The Hunger Games is something new in the business of adapting a best-selling teen literature series into a big-screen franchise.
It's a pretty good movie.
While the first Twilight and the later Harry Potter pictures succeeded well enough, they still felt shackled to their literary sources, compressed versions of sprawling novels.
However, this adaptation of the first instalment of Suzanne Collins' dystopian fantasy cycle about teenagers who are forced to fight to the death for the edification of a morally benumbed audience powers along as pure cinema without betraying its source material.
Stripped bare of narration or the heroine Katniss Everdeen's interior monologue or any ponderous explanatory material, The Hunger Games is almost a pure action movie in the tradition of The Terminator or The Running Man or one of many, many sci-fi thrillers it closely resembles.
Best of all is that The Hunger Games is free of vampires and werewolves, wizards, wands, Dementors and all the other magical malarky that inevitably compromise the drama, otherworldly solutions to real-world problems.
Best described as Gladiator mixed with The Truman Show by way of Survivor and Big Brother, The Hunger Games takes the obsession with televised combat, pushing it to the logical limit and setting it in a world of haves and have-nots uncomfortably close to our own recessionary time.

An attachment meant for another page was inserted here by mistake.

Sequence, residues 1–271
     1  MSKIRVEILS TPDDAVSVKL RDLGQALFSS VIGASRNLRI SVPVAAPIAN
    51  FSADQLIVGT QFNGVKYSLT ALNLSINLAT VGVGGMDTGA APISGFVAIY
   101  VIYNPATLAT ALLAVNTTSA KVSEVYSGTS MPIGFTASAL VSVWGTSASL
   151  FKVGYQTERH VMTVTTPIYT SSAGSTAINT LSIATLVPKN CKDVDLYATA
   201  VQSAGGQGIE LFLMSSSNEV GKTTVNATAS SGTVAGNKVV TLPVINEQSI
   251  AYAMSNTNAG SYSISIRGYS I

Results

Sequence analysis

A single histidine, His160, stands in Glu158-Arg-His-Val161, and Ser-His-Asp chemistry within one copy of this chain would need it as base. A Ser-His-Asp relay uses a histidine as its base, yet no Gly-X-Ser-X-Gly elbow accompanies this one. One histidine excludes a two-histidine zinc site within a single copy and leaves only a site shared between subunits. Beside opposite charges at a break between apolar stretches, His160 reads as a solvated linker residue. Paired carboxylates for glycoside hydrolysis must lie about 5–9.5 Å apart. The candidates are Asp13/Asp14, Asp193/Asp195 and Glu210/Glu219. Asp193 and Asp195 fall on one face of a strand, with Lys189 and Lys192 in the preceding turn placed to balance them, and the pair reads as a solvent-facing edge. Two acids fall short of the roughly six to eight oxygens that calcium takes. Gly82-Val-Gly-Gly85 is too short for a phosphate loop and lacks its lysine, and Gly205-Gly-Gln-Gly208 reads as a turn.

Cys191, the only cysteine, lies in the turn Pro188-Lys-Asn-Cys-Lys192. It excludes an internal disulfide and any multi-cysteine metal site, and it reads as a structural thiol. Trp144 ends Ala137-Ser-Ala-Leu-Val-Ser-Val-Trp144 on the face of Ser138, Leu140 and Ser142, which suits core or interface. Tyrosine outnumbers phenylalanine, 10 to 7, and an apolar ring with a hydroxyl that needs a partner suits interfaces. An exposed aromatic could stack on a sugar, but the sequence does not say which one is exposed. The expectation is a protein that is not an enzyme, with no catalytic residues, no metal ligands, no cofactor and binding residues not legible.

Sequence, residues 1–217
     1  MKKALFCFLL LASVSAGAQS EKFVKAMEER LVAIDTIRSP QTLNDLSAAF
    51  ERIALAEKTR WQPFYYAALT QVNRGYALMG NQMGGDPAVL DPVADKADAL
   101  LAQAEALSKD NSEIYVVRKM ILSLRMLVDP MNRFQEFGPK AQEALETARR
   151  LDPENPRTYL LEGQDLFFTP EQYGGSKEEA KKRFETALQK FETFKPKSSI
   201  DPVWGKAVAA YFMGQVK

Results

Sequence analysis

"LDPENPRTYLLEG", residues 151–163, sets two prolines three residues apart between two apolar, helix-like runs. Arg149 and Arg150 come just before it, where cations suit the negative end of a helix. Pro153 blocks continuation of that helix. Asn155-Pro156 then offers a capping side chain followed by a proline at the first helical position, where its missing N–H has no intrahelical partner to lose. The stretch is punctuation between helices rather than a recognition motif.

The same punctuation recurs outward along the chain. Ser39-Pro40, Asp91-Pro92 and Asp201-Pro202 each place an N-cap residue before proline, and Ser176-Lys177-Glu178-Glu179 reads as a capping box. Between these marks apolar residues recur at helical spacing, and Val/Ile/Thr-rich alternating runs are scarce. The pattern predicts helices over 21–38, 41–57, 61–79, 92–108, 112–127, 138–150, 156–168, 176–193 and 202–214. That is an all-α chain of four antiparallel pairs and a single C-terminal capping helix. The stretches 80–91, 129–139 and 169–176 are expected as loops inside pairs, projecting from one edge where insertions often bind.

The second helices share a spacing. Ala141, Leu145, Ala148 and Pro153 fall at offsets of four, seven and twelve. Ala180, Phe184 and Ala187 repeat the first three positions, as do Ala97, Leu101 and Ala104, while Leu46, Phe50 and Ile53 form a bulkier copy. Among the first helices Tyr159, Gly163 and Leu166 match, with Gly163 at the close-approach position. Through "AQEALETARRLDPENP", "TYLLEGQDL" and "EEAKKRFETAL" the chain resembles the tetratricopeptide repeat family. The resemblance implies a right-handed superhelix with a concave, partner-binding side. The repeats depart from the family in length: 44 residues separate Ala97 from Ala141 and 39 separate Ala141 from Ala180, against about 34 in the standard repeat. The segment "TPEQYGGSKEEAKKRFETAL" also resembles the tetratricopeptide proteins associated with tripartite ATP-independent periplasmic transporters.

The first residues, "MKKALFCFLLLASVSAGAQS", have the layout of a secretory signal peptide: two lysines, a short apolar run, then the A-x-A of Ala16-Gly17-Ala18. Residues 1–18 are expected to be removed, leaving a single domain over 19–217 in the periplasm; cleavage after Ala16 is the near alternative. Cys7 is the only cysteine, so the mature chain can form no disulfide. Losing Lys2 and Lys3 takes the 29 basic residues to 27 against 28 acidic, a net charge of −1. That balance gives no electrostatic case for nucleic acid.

While this hugely anticipated first episode is not as stylish as we might have hoped - it's efficient rather than scintillating - director Gary Ross does a fine job in conjuring the hardscrabble world of Katniss and her family.
Winter's Bone Oscar nominee Jennifer Lawrence proves an inspired choice for the role of Katniss, the expert hunter who uses her deadly skills when she volunteers to take her younger sister's place in the brutal televised spectacle.
The Hunger Games doesn't soar but it's a real movie. It hits its target.The Hunger Games opens today.
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